To perform well within an organisation, individuals need to be aware of the corporate goals and, where possible, to have an individual stake in achieving them. Bonuses and performance-related pay are great incentives for employees at all levels in the organisation.
The morale of an organisation is fundamental to its success. High morale suggests a well motivated and energised workforce that is keen to succeed. Employees will be committed to meeting, and even exceeding, targets when stress factors are identified and either eradicated or minimised. Good morale is essential for success, in any sphere.
Given that long working hours are endemic in some sectors, understanding the importance of work-life balance, and how to achieve it, is a key management skill. This balance needs to be implemented as part of an organisation’s legal framework and company policy, together with building a factor of resilience within the workforce.
When organisational health is approached from a cultural perspective – rather than taking a programmed approach – there is a much greater likelihood of effecting employee wellbeing (mental, physical, emotional and social).
A feel-good factor is conducive to an organisation’s competitive advantage. A sense of community, a shared vision and a positive outlook bind groups and organisations together and enable them to be more productive and creative.
How to achieve a healthy workplace culture
Communication skills to motivate individual talent include: “active listening” techniques to identify and rectify grievances; techniques for effective announcing, interviewing and cautioning; getting important answers without appearing to interrogate; and defusing conflict through key phrases to keep dialogue moving. Better interpersonal communication results in smoother running, better outcomes and, quite often, less pressure.
The drive to ensure that stress is recognised and mitigated wherever possible needs to come from senior management.”
First-contact counselling teams – where volunteers from the organisation are trained to listen effectively to employees’ stress-related problems – are just one example of how employees can be encouraged to commit “more” of themselves for the benefit of their colleagues, their customers, their employer and the community.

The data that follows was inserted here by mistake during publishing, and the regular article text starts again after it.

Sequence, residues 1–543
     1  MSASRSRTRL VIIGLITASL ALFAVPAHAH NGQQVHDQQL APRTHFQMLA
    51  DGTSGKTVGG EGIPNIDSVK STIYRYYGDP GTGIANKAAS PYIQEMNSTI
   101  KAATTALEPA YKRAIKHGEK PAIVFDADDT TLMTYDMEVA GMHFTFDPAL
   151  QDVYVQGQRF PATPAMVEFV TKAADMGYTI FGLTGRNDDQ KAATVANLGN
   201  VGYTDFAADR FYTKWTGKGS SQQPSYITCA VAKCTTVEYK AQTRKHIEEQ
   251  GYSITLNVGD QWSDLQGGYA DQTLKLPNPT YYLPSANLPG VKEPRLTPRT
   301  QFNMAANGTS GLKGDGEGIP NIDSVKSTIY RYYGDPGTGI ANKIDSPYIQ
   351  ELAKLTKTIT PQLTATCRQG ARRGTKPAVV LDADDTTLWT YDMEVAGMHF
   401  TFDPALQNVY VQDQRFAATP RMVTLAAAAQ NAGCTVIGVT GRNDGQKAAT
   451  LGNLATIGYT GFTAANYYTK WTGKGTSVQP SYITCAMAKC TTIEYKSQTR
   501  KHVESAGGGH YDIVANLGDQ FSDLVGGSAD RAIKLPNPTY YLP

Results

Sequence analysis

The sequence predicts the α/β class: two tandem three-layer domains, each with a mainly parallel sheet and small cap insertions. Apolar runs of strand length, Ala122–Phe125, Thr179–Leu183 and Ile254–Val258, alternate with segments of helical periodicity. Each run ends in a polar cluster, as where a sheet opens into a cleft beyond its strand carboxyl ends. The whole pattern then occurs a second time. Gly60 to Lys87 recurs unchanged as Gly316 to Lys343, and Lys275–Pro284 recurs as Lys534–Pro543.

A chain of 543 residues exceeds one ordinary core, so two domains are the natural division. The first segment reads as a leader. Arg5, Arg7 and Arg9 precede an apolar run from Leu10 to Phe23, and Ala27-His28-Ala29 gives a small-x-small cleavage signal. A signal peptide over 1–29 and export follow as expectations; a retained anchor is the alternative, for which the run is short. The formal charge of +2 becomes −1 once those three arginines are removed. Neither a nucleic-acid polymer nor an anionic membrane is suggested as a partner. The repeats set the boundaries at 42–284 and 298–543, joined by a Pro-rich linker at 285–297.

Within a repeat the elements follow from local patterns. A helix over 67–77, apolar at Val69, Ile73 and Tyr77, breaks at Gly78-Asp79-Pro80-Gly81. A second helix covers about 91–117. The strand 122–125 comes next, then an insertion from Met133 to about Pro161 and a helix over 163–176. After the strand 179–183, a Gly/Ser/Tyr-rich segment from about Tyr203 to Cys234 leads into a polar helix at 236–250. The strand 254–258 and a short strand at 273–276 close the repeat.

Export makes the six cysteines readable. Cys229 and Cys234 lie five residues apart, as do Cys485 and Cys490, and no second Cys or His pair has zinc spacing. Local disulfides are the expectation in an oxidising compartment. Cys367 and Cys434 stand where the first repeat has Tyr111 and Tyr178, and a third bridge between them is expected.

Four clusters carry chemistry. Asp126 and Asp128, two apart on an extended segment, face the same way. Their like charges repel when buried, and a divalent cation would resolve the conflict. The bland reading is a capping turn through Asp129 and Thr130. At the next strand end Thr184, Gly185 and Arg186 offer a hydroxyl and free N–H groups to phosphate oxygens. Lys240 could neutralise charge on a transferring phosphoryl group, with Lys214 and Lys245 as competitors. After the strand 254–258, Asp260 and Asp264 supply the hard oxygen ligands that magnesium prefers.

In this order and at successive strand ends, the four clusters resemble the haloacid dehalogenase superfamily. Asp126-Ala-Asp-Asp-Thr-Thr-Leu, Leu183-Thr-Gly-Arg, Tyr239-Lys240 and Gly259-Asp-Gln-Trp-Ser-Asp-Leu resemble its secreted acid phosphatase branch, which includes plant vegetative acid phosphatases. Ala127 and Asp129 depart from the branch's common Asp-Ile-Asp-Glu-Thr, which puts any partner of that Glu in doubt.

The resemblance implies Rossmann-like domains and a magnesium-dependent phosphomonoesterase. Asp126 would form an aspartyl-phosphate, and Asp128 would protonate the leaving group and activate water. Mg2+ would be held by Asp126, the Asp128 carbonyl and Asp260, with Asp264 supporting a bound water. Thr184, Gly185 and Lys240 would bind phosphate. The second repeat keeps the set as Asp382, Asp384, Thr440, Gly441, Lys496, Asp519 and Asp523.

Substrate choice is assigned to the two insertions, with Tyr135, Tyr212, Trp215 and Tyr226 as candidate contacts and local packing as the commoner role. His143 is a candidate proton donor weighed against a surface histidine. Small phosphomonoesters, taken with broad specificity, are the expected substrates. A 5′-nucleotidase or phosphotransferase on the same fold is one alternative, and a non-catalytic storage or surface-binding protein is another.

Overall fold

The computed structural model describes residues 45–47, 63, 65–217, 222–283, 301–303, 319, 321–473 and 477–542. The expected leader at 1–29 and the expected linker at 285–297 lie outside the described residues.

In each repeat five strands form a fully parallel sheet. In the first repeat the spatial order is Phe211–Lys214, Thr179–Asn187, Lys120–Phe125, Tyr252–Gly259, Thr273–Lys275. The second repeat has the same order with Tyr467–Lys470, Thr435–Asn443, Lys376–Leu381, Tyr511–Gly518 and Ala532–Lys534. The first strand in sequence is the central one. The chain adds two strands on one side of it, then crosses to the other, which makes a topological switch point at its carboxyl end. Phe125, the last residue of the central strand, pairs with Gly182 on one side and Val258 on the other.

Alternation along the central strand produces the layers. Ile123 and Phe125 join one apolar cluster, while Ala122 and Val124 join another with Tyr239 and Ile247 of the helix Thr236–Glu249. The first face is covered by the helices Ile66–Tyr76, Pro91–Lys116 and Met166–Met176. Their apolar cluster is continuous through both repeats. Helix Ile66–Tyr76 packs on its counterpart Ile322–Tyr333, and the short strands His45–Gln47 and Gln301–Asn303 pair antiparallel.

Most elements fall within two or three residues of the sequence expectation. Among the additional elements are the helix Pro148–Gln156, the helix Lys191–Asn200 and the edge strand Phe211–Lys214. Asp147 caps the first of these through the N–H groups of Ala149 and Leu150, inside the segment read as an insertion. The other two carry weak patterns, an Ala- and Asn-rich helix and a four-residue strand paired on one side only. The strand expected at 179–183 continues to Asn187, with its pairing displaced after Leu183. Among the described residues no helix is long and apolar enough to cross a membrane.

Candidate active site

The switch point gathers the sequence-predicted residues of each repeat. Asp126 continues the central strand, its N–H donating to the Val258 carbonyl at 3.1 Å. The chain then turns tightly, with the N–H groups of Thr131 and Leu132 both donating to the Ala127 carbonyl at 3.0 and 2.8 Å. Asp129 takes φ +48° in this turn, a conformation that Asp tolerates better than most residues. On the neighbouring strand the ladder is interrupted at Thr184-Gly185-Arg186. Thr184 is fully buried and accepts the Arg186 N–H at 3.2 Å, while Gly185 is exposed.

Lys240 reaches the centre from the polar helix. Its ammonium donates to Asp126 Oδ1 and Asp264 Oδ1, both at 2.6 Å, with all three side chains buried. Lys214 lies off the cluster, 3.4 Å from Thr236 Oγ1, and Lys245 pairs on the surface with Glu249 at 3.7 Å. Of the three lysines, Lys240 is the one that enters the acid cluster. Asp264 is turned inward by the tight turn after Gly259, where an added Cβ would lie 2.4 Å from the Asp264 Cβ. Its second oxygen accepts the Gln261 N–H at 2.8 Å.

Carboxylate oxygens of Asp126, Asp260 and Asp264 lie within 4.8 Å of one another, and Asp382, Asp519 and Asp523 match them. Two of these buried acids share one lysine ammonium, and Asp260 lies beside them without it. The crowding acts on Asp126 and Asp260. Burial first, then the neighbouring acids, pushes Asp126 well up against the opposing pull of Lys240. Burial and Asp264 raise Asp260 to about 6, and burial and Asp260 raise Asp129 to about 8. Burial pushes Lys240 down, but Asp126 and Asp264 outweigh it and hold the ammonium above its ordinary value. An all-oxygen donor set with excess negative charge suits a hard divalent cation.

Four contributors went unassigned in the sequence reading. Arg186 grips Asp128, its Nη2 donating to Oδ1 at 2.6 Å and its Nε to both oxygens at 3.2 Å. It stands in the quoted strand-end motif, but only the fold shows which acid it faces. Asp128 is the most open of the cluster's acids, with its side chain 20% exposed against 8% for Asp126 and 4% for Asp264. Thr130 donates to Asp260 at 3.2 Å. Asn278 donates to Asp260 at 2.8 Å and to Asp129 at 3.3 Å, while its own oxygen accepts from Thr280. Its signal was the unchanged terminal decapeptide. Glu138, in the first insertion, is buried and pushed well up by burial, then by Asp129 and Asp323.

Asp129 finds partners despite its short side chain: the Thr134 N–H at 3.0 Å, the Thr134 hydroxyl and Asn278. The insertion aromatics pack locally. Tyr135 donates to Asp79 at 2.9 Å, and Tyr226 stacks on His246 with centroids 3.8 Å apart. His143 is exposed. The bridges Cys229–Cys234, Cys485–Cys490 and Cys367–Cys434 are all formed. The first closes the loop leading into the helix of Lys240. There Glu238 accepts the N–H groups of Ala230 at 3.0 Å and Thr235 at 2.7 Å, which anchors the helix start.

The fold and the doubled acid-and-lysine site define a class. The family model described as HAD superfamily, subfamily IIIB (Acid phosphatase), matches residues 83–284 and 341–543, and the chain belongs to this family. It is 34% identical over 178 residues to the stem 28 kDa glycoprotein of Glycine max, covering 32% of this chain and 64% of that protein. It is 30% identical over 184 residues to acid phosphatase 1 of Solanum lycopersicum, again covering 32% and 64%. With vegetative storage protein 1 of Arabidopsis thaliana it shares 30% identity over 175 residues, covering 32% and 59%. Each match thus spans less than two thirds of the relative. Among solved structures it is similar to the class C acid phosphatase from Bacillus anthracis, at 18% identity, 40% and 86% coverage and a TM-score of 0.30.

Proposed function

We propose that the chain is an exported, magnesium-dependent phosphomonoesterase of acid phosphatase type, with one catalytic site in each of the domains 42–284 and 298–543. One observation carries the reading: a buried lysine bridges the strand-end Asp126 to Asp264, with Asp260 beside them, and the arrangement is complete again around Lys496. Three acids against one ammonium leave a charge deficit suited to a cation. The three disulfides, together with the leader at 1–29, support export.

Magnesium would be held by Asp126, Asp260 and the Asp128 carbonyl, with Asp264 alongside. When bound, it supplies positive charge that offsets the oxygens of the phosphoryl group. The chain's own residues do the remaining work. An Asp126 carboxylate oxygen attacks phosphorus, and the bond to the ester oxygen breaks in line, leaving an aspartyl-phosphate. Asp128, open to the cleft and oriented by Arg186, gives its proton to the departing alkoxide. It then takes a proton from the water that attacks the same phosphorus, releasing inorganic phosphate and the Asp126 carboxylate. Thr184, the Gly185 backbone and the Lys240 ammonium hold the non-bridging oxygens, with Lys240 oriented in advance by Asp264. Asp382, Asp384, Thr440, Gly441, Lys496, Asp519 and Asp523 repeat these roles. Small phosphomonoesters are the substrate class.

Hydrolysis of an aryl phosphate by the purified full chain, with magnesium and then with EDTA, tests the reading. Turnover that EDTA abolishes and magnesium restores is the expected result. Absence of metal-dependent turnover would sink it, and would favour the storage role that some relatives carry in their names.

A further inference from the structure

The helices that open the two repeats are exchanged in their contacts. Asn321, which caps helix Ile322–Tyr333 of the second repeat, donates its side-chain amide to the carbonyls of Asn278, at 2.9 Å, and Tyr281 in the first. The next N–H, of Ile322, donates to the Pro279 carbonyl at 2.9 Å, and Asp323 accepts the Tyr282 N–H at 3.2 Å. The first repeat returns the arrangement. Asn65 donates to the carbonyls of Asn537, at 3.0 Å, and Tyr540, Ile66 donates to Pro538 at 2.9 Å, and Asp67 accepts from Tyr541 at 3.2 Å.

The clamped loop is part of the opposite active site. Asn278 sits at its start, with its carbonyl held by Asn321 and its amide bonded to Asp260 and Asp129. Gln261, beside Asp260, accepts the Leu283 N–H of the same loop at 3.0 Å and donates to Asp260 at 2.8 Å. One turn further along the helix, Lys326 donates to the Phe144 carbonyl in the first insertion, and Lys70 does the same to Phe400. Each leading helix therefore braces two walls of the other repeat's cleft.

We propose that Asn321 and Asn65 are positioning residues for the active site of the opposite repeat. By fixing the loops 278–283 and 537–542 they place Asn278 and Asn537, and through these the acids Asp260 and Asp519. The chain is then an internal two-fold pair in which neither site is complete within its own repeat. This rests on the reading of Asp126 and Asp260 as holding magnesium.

Creative self-development is the new dynamic of career progress. Individual empowerment requires a greater understanding of the impact of positive attitude on individual and group performance; an increased resistance to those who are contemptuous of effort.
Flexibility is key to reducing stress levels. Organisations often lose valuable talent because of an unwillingness to be flexible, or to alter work patterns in order to cater for particular needs, such as those of the disabled. Home working and buddying schemes (where new recruits are provided with an informal mentor) are just two examples of the approaches that can be taken to reduce stress levels.
Demonstrating a commitment to society isn’t just about social conscience, it makes good business sense – helping to attract and retain the best talent, influencing customers and buyers, and powering long-term success. Activities such as supporting a local charity can prove beneficial to both parties by becoming identified with the community in a positive role. Being associated with a local charity is something that professional firms such as lawyers and accountants are often well aware of, but many commercial and industrial companies could also learn and benefit from this.
Winning the “war on stress”
Winning the “war for talent” and the “war on stress” also means attracting the best and brightest recruits by improving the organisation’s cultural understanding of diverse mindsets.
Within a properly constructed and managed workplace culture, employees need to feel included within the vision of the business and to have a sense of security and belonging, and, as we spend at least half of our waking hours at work, that is of great importance.
The drive to ensure that stress is recognised and mitigated wherever possible needs to come from senior management. The top management team should ensure that all employees:
- are not frightened to talk about stress-related factors;
- know that if they have problems, then it is acceptable to discuss them; and
- are aware that they can go to management and occupational health as and when they are needed.
As has been stated many times, an organisation’s human resource is the essential key to sustainable success. When that simple fact fails to be appreciated, then staff turnover and associated costs will rise, and valuable training, talent and ability will be lost – leading to higher overheads and a reduced return on the most important investment of all: human resources.
Therefore, the following question arises: why do so many companies and organisations ignore the fact that stress not only can kill people, but also kills motivation and creativity that is then reflected in increased staff turnover and, ultimately, profits? However, after working in the profession for more than 25 years, I am now seeing increasing success in getting the message across.
Carole Spiers has been CEO of a leading UK stress management consultancy for 20 years, working in the UK and the Persian Gulf. She is an authority on corporate stress, a BBC guest broadcaster and author of Show Stress Who’s Boss! She is regularly called upon by the media for comment.
XpertHR offers a line manager briefing that provides guidance on how to prevent stress and help employees cope with stress as well as a good practice guide on stress management.